Daily Record Business Writer
May 21, 2009 7:26 PM
OCEAN CITY — The problems may be different this summer for Ocean City’s charter boat operators, but the worries are the same.
After their worst season in decades — thanks to high fuel prices and a poor tuna fishing season — this year the boat captains will have to deal with the recession.
Although last year’s season was described with words like “horrible” and “devastating,” most operators in one of the resort town’s largest industries, who are hired for offshore fishing day trips, say matching 2008’s numbers will be good enough this year.
“We’re optimistic,” said Ron Callis, captain of the Shelly II. “The fuel’s less than half what it was last summer, so that alone will save us some money.”
Added Brian Tinkler, general manager at the Sunset Marina: “Last year the boats didn’t move. It’s still anybody’s guess for this year with the economy, but we’re encouraged by the fuel prices.”
Not everyone is as upbeat. Marty Moran, captain of the Marlin Magic, said he thinks this year could be the straw that breaks the camel’s back.
“If the economy stays this way, you’re going to see a lot less people here next season,” he said.
Moran, who captains a 56-foot, $2.5 million boat purchased by its Hagerstown-base owner in 2007, said it’s not becoming cost-effective anymore for the larger, less fuel-efficient boats to keep running charters.
Burning 350 to 500 gallons during a day trip last summer cost $1,680 to $2,400 in fuel alone for the Marlin Magic, he said. This summer, the same trip would cost about half that much in fuel, but demand is down.
“It’s been dead this year,” he said. “My phone’s been silent. If I book 12 trips this summer, I’ll be happy.”
Chartering a boat is an expensive outing for most — even when the cost is split between six people, the maximum size for a trip. Between the boat rental, first mate’s tip, paying for fish cleaning and a night at a hotel, a weekend fishing trip can top more than $5,000.
To offset the cost of diesel last year, many charters added a fuel surcharge or raised their rates by several hundred dollars. In addition, a short yellowfin tuna season — normally a big draw for the charter boat business here — lasted only a few weeks in June. The double-whammy contributed to a 20 percent to 30 percent decline in business, down to an average of about 30 to 40 trips last summer, operators said.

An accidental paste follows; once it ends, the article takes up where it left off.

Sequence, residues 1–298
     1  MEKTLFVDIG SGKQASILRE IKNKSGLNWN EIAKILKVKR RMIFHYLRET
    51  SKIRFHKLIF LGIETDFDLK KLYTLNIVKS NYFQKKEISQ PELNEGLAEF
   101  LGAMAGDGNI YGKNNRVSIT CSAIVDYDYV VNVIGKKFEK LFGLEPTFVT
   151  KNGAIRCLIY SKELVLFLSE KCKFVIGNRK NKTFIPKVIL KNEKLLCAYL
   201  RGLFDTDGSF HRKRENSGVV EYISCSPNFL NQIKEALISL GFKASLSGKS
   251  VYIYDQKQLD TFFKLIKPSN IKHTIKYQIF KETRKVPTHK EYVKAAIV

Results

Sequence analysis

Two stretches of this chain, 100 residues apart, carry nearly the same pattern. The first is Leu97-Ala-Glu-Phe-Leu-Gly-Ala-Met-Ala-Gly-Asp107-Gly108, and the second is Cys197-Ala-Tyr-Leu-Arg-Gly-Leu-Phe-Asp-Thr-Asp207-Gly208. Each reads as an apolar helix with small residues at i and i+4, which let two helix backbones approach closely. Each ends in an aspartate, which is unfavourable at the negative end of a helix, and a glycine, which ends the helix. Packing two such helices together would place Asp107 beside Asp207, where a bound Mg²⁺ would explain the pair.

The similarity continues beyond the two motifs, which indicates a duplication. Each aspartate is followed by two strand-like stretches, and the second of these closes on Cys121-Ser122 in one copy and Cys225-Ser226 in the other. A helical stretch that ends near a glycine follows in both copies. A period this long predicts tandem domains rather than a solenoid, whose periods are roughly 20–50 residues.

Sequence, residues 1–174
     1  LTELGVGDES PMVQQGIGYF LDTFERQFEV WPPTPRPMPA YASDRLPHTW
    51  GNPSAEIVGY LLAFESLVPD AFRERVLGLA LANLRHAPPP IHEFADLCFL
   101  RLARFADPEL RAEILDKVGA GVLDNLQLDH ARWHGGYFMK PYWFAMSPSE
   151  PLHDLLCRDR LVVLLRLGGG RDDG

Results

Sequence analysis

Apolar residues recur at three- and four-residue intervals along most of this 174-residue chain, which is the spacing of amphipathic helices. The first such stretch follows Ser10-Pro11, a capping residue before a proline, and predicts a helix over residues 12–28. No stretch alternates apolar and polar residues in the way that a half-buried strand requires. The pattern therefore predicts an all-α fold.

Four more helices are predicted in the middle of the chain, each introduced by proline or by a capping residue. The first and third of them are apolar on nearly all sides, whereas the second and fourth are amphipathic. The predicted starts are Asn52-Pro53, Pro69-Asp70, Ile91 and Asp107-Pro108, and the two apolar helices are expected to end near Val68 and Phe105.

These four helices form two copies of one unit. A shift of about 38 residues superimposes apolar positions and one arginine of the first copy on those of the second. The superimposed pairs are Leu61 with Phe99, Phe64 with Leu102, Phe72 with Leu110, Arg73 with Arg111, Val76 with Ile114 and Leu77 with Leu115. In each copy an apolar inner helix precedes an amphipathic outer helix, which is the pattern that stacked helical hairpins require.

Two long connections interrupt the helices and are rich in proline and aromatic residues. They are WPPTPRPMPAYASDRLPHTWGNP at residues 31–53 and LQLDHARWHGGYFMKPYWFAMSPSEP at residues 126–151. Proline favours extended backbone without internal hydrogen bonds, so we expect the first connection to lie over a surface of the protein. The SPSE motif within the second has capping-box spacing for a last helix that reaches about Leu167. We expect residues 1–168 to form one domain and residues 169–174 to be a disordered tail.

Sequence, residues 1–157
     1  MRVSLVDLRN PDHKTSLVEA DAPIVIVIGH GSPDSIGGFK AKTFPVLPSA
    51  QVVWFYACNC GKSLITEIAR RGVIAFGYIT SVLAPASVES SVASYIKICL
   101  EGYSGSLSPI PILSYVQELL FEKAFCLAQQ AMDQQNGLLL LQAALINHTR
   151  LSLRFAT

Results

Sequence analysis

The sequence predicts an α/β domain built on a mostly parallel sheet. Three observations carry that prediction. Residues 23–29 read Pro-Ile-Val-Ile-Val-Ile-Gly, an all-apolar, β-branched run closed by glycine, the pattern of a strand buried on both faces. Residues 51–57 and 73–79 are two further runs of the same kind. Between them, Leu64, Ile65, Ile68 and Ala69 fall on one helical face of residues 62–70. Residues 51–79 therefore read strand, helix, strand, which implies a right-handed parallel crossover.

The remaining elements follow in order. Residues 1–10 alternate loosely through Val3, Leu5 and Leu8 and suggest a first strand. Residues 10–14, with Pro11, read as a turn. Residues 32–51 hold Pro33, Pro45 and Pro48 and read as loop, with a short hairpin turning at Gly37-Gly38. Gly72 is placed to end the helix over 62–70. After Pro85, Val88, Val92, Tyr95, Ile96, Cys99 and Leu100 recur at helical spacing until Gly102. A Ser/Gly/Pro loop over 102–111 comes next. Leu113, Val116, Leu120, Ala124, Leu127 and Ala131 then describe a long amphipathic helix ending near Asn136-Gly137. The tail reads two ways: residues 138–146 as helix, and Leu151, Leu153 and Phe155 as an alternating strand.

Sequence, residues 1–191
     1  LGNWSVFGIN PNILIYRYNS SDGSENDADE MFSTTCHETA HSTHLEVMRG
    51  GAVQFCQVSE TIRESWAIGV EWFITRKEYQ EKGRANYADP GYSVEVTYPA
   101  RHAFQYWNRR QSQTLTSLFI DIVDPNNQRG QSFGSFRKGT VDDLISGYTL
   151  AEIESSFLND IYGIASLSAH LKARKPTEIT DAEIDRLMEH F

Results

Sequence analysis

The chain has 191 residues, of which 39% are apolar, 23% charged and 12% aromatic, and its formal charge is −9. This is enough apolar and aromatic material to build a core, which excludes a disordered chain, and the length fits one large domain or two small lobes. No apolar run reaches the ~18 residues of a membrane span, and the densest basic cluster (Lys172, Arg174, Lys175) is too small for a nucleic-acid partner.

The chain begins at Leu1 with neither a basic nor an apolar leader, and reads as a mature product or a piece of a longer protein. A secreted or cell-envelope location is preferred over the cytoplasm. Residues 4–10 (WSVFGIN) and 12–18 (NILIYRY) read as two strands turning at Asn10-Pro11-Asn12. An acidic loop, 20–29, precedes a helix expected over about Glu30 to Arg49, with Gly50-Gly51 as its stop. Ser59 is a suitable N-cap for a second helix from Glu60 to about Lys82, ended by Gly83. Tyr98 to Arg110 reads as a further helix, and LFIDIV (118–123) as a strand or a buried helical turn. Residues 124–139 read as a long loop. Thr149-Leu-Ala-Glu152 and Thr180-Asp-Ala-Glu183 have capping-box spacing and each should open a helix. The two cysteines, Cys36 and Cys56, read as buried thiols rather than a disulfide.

Some captains, such as Moran, were temporarily laid off by the boat owners during the winter for one or two weeks to offset the poor season. Other boats just didn’t make the trip from Florida in the winter to Maryland for the summer season here (and vice versa last fall) to save the more than $10,000 that it would have cost in fuel last year, marina managers said.
This year, operators face a different double-whammy: a slow economy and tougher regulations that further limit the day’s take for sport fishing. As of Jan. 1, the National Marine Fisheries Service limited a recreational boat’s daily take to one Atlantic bluefin tuna, down from two last year, to protect the fish population.
Although captains said most anglers hire the charters for the experience and not necessarily to put food on the table, the limits provide less incentive to make — and pay for — a 12-hour day trip.
To combat any further decline in demand this year, captains have lowered prices or offered other incentives. The Marlin Magic’s daily offshore rate has gone down $200 to $2,400. Ronnie Zajdel, captain of Zipper Sport Fishing Charters, is throwing in beer and soda with the trip, which costs $2,200 for a day.
The Shelly II and its sister boat, the Sea Wolf, have discounted their rates by $100 to $1,950 and $1,800, respectively, for those who book early.
Although it’s still early and many trips will not be booked until the season starts in June, most operators say their bookings are slightly down from last year.
The Ocean City Fishing Center, Sunset’s sister marina, has booked about 45 trips so far for its 28-boat fleet, compared to 53 booked in May 2008, according to Jennifer Blunt, the marina’s office manager. The marina, which acts as an agent and promoter for the boats that dock there, booked 300 trips through October last season.
“We’re getting a lot of calls, but mostly people are kicking the tires,” said Blunt. “It seems to be that people are waiting to see how the fishing will turn out this year.”
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